MBTI is a personality type theory that some believe to be useful and some do not. Since being introduced to this, I have used it primarily for personal growth. Here I am, discussing a few aspects of it with Kristin – link to her YouTube channel
Hope you’re safe and well during this pandemic. Thanks for your time with this Q&A.
Your video, where you talk about why you like MBTI is linked below. So, I don’t think that question will be relevant now.
S: You’ve mentioned that you’re an ESFP. Apart from the many tests you might have taken, what made you sure, that it’s ESFP? Considering the fact that a human being are complex, and stereotypes are just that – stereotypes. I believe that for a person to be a “typical” representation of any type is rare. I think a lot of people can relate to certain aspects of any type and the more they see, sometimes, the more confusing it gets.
K: I completely agree that human beings are far more complex than their type. I think that few people can actually relate to their “stereotype,” which is how it should be, but it’s important to recognise that behind the stereotypical behaviour lies a small truth about each type’s cognitive functions. When you consider the cognitive function stack of each type, it’s easy to see how the stereotypes for each were born. For instance, it’s easy to see how the ESFJ stack, when taken at the face value of Fe (prioritising harmony of the tribe) and Si (presence and order in the tangible world based on internalised systems), produced the stereotype of the typical “mum,” who cares for those around them through immediate acts of service. It’s hard doing comedy sketches about this because when you actually try to convey a more accurate or nuanced representation of each type, you’re not necessarily creating a sketch to which more people of that type are going to relate. This is because the functions indicate cognitive tendencies, not behaviours. So the stereotypes don’t take into account nurture, growth in virtue or deliberate temperance of those more “extreme” behaviours that the top two functions of each type are likely to produce. I think that everything in the realm of MBTI comedy ought to be taken with a pinch of salt, for if we YouTubers attempted to dive into a more “accurate” stereotype, we would open up an infinite number of possibilities. In regards to me typing myself, it wasn’t a relation to the stereotype that convinced me that I was an ESFP; it was understanding the cognitive functions and realising that without a question, I was running with Se and Fi most of the time.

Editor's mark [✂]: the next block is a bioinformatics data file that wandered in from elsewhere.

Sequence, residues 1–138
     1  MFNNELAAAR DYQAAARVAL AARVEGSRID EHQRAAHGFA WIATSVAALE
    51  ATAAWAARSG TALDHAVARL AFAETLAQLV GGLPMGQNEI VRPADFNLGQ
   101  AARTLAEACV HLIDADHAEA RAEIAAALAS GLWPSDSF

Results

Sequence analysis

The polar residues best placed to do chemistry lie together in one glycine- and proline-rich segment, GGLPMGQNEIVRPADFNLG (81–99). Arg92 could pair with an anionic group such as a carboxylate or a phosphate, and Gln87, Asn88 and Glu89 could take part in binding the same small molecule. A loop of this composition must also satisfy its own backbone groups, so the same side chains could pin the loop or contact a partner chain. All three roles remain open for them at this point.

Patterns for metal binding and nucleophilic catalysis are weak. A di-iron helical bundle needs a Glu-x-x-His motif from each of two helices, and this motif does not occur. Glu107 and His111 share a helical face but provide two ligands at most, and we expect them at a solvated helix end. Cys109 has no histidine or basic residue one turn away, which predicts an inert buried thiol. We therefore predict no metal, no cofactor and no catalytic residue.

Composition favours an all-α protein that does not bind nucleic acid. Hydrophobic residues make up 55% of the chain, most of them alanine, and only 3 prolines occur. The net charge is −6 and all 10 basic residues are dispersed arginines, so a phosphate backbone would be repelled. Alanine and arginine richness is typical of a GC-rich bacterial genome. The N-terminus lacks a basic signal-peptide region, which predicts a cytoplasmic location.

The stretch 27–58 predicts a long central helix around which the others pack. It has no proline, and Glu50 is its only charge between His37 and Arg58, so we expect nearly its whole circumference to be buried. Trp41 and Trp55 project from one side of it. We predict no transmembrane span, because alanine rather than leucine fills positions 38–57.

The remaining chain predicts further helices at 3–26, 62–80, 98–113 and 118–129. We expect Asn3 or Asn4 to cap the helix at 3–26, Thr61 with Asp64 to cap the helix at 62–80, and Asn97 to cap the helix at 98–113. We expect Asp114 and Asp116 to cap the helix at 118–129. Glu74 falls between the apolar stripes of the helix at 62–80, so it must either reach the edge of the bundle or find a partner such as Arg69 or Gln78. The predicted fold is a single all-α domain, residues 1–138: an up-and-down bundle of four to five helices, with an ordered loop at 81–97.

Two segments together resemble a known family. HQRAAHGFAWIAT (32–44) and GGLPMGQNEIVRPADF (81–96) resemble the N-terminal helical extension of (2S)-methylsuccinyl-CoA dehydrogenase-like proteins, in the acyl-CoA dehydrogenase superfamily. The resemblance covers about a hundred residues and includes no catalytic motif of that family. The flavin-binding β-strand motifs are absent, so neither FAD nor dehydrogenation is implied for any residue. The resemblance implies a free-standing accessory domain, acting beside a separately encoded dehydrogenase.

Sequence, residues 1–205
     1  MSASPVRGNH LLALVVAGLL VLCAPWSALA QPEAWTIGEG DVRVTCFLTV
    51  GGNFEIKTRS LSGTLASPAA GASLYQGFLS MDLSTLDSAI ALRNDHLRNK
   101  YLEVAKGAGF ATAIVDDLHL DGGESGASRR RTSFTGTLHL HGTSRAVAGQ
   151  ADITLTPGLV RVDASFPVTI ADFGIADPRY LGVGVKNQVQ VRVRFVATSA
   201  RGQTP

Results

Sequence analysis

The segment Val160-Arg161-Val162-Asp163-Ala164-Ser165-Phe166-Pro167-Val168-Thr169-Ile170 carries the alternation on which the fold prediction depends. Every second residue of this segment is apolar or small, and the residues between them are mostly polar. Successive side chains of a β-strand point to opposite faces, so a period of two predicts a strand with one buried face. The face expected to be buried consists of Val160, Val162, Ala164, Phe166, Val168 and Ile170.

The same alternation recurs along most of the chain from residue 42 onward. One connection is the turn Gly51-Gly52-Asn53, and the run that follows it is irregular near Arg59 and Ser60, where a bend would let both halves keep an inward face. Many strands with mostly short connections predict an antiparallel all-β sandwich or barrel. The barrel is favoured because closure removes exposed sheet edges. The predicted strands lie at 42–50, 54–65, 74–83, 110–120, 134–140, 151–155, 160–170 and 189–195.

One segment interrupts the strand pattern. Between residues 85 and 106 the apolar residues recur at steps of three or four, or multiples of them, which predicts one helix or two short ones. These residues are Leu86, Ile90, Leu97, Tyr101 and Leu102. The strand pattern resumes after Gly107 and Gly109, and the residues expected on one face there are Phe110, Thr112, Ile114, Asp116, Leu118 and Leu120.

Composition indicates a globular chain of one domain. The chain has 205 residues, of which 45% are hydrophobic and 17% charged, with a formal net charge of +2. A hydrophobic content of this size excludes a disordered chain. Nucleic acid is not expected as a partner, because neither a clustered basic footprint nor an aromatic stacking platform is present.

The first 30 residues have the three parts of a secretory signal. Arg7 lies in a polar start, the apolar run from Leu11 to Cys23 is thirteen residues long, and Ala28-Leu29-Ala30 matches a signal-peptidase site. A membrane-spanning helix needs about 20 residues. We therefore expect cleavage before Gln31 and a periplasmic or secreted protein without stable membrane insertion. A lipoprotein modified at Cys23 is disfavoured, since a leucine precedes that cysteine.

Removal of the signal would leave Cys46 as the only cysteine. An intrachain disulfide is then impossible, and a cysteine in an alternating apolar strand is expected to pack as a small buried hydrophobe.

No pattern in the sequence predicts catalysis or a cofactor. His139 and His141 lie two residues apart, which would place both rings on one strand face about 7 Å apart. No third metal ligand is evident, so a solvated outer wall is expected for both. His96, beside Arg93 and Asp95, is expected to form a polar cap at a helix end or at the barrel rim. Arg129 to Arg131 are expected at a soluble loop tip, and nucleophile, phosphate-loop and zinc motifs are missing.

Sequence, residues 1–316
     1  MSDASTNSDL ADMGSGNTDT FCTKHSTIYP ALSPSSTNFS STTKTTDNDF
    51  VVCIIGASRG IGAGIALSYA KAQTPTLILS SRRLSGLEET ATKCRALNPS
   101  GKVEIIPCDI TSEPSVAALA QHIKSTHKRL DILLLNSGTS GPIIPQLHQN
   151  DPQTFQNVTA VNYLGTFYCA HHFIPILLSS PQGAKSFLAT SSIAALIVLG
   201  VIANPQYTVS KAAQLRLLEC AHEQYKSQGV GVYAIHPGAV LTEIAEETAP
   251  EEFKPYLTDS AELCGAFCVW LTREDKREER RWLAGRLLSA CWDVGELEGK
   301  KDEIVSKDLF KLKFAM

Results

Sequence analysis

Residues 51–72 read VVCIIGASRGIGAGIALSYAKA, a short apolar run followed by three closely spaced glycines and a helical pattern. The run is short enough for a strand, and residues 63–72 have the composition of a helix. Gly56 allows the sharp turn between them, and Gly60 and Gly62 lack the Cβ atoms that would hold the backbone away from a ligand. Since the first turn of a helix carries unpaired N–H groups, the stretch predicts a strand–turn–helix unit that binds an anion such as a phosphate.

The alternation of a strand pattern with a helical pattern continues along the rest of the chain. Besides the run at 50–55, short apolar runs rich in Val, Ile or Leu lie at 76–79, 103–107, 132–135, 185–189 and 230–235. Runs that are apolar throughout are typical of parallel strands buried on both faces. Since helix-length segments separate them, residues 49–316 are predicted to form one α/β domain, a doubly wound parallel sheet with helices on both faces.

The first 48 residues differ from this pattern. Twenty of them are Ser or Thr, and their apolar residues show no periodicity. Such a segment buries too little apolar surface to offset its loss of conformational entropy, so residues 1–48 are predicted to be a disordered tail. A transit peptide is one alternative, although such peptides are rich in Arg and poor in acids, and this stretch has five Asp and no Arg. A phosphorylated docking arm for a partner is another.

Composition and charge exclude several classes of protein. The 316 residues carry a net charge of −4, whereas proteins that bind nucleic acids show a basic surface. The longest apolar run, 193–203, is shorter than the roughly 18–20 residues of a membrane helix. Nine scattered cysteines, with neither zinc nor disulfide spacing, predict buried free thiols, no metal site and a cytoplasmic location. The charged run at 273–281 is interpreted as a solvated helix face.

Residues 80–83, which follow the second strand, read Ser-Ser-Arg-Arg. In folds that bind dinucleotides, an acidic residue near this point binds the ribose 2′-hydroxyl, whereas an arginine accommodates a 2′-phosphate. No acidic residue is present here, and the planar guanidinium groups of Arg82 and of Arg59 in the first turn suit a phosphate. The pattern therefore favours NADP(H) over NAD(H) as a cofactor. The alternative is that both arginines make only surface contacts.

S: You make sketches on YouTube, where you show how the 16 personalities would act, or react, on different occasions. Where do you source the ideas of different types’ actions from? Do you know people of all 16 types personally? That would be interesting!
K: I do actually have at least one friend of each type, and I have spent years observing their tendencies in what judgments they are/aren’t bringing to situations, how rattled they get when things change at the last minute, and various other factors that branch from the prominent use of specific functions. Without even realising it, I have subconsciously noted their behaviour, their facial expressions, their mannerisms etc, and have become capable of replicating what I see (not just in them, but in others of their type). Most of the information that feeds how I act in my sketches has been taken from Se data, meaning that which I have personally observed and physically experienced. In terms of what’s going on in the interior world of each type, I feel significantly less sure. I can only imagine how their brains would be functioning based on my knowledge of the cognitive functions.